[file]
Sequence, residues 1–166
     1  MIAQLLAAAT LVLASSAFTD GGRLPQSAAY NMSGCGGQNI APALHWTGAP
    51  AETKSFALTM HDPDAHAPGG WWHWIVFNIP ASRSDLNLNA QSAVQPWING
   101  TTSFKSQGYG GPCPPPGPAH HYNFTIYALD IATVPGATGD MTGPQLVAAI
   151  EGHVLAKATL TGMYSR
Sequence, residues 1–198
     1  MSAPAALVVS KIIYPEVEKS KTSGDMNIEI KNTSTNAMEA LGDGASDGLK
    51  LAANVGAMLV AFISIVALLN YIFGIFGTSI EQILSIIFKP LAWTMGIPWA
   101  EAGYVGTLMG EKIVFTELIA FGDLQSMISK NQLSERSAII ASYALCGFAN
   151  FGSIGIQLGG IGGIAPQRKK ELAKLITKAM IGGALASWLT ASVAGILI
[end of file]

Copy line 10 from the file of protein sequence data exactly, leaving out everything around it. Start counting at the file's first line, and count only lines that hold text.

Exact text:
   151  FGSIGIQLGG IGGIAPQRKK ELAKLITKAM IGGALASWLT ASVAGILI